trignomatric identities Angles by maneksh007

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									Angles
This article uses Greek letters such as alpha (α), beta (β), gamma (γ), and theta (θ) to
represent angles. Several different units of angle measure are widely used,
including degrees, radians, and grads:

        1 full circle = 360 degrees = 2    radians = 400 grads.
    The following table shows the conversions for some common angles:


    Degrees      30°        60°        120°        150°        210°         240°     300°       330°




    Radians




                 33⅓       66⅔        133⅓        166⅔        233⅓          266⅔    333⅓        366⅔
     Grads
                 grad      grad       grad        grad        grad          grad    grad        grad



    Degrees      45°        90°        135°        180°        225°         270°     315°       360°




    Radians




     Grads     50 grad 100 grad 150 grad        200 grad    250 grad    300 grad   350 grad   400 grad


    Unless otherwise specified, all angles in this article are assumed to be in radians, though angles
    ending in a degree symbol (°) are in degrees.

    [edit]Trigonometric       functions
    The primary trigonometric functions are the sine and cosine of an angle. These are sometimes
    abbreviated sin(θ) and cos(θ), respectively, where θ is the angle, but the parentheses around the
    angle are often omitted, e.g., sin θ and cos θ.

    The tangent (tan) of an angle is the ratio of the sine to the cosine:




        Finally, the reciprocal functions secant (sec), cosecant (csc), and cotangent (cot) are the
        reciprocals of the cosine, sine, and tangent:




             These definitions are sometimes referred to as ratio identities.
[edit]Inverse     functions
Main article: Inverse trigonometric functions

The inverse trigonometric functions are partial inverse functions for the trigonometric
functions. For example, the inverse function for the sine, known as the inverse
         −1
sine (sin ) or arcsine (arcsin or asin), satisfies



    and



          This article uses the notation below for inverse trigonometric functions:


          Function     sin     cos      tan     sec     csc     cot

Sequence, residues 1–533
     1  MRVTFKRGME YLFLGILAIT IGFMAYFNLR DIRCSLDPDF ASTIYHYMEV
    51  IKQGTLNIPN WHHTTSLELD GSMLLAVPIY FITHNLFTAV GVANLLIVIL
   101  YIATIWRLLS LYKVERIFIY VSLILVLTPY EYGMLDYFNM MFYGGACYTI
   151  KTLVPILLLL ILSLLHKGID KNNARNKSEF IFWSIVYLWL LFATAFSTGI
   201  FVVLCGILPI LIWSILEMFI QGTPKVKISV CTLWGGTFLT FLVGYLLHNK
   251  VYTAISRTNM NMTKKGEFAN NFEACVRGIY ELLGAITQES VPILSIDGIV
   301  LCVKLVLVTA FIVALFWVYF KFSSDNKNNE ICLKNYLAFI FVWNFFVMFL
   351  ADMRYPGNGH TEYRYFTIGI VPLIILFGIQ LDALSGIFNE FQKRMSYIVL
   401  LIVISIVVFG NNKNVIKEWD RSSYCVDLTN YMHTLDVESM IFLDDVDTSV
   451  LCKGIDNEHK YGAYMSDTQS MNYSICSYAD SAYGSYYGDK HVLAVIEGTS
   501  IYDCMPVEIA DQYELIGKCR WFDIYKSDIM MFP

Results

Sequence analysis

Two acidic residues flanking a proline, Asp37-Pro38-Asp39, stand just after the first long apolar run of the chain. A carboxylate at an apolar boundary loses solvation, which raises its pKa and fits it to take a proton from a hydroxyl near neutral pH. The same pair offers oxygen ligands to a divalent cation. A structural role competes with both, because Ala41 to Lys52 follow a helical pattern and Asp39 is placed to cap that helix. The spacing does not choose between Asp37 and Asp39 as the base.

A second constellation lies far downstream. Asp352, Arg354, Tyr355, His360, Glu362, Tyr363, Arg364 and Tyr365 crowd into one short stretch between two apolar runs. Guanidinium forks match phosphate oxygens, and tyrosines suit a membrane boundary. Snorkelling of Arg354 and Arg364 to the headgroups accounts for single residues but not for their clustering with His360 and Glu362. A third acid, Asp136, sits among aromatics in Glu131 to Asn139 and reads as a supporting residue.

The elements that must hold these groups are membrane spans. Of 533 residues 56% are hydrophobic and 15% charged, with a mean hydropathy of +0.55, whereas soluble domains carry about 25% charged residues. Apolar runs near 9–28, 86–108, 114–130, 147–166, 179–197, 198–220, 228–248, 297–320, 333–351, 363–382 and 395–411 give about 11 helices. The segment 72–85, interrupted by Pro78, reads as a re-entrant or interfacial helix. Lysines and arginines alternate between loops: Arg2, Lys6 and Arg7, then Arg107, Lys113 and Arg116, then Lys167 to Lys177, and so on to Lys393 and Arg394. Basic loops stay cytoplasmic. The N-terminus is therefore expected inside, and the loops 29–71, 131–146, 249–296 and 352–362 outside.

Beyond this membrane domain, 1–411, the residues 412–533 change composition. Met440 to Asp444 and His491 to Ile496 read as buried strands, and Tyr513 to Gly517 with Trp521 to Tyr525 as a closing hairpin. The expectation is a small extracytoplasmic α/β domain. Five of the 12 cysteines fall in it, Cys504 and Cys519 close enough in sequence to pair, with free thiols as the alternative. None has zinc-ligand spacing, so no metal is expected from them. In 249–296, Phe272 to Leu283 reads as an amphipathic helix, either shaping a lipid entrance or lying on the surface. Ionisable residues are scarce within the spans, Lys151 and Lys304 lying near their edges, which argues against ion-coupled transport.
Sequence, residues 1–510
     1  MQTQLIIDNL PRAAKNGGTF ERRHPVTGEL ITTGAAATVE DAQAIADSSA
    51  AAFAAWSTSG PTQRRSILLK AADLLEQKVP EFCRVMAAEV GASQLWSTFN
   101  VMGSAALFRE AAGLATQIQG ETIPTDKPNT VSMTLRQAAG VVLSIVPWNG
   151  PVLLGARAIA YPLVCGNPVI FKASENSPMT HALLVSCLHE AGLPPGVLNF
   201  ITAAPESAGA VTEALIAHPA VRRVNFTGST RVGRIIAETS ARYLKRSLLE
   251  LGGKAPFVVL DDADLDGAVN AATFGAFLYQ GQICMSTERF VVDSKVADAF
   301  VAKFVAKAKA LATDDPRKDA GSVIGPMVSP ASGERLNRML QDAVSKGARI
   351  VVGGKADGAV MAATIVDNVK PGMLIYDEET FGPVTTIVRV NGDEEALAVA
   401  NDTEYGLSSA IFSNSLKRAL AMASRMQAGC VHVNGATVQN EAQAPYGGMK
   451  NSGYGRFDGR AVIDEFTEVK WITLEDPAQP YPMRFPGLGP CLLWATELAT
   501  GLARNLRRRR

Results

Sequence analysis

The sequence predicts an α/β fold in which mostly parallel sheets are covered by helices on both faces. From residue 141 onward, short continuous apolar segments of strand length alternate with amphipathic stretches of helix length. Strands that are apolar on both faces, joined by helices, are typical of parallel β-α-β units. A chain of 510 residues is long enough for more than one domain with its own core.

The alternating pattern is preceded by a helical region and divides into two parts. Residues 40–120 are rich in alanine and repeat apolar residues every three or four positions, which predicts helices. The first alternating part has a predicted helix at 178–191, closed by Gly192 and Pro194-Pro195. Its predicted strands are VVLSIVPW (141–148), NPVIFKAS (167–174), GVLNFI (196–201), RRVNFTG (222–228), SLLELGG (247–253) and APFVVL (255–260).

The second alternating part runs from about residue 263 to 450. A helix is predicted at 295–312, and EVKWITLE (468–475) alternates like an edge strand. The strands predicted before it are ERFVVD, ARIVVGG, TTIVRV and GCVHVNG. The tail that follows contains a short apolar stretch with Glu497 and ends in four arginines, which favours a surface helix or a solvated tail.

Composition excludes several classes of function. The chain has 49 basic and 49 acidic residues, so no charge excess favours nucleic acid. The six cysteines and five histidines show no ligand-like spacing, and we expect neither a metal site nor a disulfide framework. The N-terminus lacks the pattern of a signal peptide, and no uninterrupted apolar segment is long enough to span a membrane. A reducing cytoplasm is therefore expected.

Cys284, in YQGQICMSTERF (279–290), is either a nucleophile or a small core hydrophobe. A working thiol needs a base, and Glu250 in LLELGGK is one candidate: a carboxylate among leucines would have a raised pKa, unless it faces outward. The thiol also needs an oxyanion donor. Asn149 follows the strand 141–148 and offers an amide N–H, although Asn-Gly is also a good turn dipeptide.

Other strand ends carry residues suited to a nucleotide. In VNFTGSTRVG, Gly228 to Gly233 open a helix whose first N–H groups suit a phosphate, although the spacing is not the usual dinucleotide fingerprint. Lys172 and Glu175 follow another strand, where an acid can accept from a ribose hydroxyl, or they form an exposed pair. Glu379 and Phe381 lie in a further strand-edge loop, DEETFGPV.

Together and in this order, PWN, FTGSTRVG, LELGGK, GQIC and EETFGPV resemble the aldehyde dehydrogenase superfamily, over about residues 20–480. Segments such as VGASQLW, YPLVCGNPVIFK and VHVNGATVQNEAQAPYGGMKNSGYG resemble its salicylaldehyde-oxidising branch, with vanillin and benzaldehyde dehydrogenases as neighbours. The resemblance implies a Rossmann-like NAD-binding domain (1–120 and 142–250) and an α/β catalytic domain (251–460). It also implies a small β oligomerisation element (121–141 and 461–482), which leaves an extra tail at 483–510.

Inverse arcsin arccos arctan arcsec arccsc arccot


          [edit]Pythagorean          identity
          The basic relationship between the sine and the cosine is the Pythagorean
          trigonometric identity:



               where cos θ means (cos(θ)) and sin θ means (sin(θ)) .
                          2                    2        2                   2


               This can be viewed as a version of the Pythagorean theorem, and follows
                                    2     2
               from the equation x + y = 1 for the unit circle. This equation can be solved
               for either the sine or the cosine:



                   [edit]Related     identities
                   Dividing the Pythagorean identity through by
                   either cos θ or sin θ yields two other identities:
                             2        2




                        Using these identities together with the ratio identities, it is possible
                        to express any trigonometric function in terms of any other (up to a
                        plus or minus sign):


             Each trigonometric function in terms of the other five. [1]



      in
    term
     s of
[edit]Historic    shorthands




   All of the trigonometric functions of an angle θ can be constructed
   geometrically in terms of a unit circle centered at O. Many of these terms
   are no longer in common use.

The versine, coversine, haversine, and exsecant were used in
navigation. For example the haversine formula was used to
calculate the distance between two points on a sphere. They are